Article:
Plastics and Rubber Products Manufacturing 199 8,864 5.4% $505,614,472 $54,850
Chemical Manufacturing 154 6,893 4.2% $559,094,116 $78,000
Paper Manufacturing 82 4,714 2.9% $304,628,383 $62,100
Electrical Equipment, Appliance, and Component Manufacturing 79 4,612 2.8% $330,612,762 $68,950
Furniture and Related Product Manufacturing 236 4,242 2.6% $234,858,749 $53,200
Wood Product Manufacturing 109 3,899 2.4% $216,929,843 $53,600
Primary Metal Manufacturing 43 3,491 2.1% $210,642,531 $58,000
Petroleum and Coal Products Manufacturing 16 2,260 1.4% $245,523,597 $104,850
Nonmetallic Mineral Product Manufacturing 87 1,978 1.2% $126,104,946 $61,100
Beverage and Tobacco Product Manufacturing 34 1,591 1.0% $82,468,549 $50,000
Transportation Equipment Manufacturing 75 1,398 0.8% $78,404,137 $53,850
Textile Product Mills 73 590 0.4% $19,241,242 $31,350
Apparel Manufacturing 54 324 0.2% $11,544,045 $34,150
Leather and Allied Product Manufacturing 6 208 0.1% $9,051,145 $41,800
Textile Mills 11 187 0.1% $8,457,097 $43,550
Source: DEED Quarterly Census of Employment and Wages (QCEW) Program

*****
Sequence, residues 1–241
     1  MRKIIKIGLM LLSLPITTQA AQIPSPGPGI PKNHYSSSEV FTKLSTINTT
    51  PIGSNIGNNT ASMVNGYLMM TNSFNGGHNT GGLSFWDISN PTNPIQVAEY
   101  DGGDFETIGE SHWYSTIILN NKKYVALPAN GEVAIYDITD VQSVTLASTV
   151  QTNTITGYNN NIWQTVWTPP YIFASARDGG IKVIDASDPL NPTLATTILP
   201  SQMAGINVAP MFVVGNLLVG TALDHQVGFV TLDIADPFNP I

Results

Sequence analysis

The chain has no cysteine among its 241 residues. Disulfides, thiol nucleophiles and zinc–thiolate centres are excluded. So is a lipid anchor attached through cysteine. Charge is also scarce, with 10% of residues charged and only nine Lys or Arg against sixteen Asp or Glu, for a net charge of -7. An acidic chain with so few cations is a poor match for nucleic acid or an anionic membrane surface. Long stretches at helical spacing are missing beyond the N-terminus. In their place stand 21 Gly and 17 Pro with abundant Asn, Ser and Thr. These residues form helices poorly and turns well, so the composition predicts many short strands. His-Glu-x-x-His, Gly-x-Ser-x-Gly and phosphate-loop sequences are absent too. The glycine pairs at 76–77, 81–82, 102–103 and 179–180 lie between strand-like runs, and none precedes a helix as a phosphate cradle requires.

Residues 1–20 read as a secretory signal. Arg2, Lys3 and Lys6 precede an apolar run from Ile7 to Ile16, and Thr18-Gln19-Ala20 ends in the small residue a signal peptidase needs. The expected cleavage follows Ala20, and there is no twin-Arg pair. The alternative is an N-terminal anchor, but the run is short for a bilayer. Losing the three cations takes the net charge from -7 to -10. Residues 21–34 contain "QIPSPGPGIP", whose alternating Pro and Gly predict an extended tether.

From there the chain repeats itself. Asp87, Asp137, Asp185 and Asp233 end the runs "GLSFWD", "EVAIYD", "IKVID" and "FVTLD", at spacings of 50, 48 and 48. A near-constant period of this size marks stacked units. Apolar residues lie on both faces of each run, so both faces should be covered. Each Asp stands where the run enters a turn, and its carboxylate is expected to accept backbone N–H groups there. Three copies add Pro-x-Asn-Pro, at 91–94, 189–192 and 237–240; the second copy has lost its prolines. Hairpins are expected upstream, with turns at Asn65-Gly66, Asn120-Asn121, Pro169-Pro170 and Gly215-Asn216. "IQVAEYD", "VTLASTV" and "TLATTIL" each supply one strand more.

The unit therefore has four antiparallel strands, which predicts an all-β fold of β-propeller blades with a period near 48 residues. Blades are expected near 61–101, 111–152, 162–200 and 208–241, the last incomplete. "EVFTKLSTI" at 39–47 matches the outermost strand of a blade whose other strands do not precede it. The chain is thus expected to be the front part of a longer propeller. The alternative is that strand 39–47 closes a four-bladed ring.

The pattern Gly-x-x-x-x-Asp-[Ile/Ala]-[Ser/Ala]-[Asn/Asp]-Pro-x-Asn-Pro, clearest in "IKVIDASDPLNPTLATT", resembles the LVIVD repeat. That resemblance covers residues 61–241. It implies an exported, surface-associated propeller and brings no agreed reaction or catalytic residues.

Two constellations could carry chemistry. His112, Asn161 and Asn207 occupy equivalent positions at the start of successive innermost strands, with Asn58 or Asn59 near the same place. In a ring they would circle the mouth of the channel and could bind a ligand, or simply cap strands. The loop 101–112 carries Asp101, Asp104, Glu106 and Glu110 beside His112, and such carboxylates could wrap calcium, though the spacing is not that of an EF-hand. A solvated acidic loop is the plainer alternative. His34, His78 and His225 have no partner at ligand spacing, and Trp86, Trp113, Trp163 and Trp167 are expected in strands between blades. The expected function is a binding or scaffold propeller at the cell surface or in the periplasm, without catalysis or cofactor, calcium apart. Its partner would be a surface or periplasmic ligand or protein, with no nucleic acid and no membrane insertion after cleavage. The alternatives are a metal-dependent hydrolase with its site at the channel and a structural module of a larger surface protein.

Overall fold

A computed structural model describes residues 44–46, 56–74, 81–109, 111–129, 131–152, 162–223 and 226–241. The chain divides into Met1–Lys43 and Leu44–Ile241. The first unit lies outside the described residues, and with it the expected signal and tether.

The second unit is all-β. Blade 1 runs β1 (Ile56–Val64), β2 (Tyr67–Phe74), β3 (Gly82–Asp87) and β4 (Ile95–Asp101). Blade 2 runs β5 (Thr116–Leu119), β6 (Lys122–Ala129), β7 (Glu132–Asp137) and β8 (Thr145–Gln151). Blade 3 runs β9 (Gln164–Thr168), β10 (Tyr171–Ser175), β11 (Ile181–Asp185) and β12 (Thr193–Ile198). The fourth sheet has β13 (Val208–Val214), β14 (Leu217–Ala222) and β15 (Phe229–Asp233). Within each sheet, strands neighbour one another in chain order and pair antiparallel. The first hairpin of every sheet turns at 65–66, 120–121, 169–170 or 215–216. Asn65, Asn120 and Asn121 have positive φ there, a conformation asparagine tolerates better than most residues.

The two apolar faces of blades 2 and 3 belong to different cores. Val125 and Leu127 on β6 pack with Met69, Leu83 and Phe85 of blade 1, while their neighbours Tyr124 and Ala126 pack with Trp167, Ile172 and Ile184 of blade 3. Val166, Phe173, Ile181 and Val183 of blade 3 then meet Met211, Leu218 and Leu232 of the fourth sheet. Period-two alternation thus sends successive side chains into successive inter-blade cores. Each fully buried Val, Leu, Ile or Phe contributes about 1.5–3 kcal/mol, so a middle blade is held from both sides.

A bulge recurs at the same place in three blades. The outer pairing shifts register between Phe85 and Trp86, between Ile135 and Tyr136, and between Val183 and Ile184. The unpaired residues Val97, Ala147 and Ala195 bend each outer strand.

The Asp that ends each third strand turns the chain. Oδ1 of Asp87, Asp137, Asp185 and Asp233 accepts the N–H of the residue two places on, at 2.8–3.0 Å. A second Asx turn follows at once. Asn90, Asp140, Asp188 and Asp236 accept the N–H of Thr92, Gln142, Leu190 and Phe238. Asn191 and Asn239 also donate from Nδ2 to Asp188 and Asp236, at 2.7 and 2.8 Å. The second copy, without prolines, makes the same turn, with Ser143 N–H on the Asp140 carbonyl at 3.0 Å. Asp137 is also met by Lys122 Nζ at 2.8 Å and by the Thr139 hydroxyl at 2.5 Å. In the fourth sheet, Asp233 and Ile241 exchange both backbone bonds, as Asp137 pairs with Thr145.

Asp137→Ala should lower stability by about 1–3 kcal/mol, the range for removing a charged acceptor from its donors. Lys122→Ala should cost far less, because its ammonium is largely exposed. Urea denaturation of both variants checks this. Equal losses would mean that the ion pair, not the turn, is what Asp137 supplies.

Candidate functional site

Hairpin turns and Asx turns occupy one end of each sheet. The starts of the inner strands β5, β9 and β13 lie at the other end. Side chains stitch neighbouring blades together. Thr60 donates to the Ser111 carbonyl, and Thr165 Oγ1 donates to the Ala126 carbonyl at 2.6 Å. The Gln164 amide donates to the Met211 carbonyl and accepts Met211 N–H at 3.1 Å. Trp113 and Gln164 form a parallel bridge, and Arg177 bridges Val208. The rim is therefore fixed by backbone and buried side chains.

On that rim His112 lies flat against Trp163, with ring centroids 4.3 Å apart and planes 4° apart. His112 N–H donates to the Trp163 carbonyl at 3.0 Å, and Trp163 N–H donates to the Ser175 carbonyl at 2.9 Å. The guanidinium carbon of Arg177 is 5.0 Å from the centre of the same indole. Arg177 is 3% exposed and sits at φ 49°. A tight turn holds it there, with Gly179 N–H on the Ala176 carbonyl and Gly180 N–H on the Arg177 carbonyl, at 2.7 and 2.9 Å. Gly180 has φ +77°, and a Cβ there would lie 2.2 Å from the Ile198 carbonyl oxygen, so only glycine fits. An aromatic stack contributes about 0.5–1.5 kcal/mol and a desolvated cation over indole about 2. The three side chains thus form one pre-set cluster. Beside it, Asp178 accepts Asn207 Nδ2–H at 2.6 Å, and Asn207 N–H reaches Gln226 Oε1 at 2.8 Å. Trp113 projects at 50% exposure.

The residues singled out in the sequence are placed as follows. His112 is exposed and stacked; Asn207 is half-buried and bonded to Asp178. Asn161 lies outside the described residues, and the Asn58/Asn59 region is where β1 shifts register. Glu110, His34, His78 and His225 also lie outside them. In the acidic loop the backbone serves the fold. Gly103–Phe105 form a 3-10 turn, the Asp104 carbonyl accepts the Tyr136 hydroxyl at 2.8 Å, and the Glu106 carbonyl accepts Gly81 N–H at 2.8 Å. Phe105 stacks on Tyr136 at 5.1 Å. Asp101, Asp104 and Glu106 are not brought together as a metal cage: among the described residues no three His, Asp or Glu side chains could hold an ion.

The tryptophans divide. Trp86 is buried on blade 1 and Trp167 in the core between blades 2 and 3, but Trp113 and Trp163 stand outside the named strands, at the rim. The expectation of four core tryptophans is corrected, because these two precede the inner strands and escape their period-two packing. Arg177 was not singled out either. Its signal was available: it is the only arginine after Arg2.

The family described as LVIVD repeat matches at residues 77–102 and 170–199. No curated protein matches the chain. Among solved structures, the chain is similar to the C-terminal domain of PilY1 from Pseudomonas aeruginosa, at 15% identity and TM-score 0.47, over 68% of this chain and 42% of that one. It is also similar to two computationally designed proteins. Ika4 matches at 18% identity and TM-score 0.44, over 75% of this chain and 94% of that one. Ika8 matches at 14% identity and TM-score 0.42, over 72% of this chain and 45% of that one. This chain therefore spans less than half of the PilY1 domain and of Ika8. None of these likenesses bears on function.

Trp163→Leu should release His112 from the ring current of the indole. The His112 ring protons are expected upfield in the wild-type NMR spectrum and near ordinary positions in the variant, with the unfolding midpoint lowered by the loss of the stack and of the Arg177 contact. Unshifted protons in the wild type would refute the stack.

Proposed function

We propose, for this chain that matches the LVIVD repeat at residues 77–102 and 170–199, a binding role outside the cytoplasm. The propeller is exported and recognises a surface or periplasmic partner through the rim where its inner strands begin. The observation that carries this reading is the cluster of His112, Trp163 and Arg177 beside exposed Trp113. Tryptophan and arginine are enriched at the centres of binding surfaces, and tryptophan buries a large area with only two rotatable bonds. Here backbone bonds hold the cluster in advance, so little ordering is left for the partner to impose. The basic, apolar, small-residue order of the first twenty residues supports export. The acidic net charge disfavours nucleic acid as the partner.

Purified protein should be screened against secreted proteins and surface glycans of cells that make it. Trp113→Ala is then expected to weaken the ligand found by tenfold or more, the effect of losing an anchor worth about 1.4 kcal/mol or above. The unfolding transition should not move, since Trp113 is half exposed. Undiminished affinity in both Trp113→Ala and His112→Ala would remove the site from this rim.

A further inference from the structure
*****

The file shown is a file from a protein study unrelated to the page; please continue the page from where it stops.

Fabricated Metal Product Manufacturing has a location quotient of 1.33 in the Twin Cities and accounts for 1.7 percent of the metro area's total employment. Anoka County has the greatest concentration with a location quotient of 6.48. With over 8,400 such manufacturing jobs, this industry accounts for 8 percent of the county's total employment. Location quotients above 1.20 are considered significant and imply the exporting of products or services.

A Sector Hit Hard

Unfortunately, manufacturing has been losing jobs in the Twin Cities, in no small part caused by the recent Great Recession. In steady decline since 2000, manufacturing was hit hard between 2007 and 2010, shedding nearly 25,900 jobs. This 14.2 percent loss was much more severe than the 5.3 percent decline witnessed by the total labor market.

Making up nearly 15 percent of total manufacturing employment, fabricated metal product manufacturing was not spared from the Great Recession. Shedding 4,180 jobs between 2007 and 2010, only printing and related support activities lost more jobs in the manufacturing sector. Most fabricated metal product manufacturing jobs lost in the metro were in Hennepin County, where the sector declined by 18.4 percent. While numeric losses were less than in Hennepin County, Ramsey, Dakota, and Washington counties each lost over one-fifth of their fabricated metal product manufacturing jobs. Anoka County, while losing 878 fabricated metal product jobs, declined by a less severe 10.7 percent (see Table 2).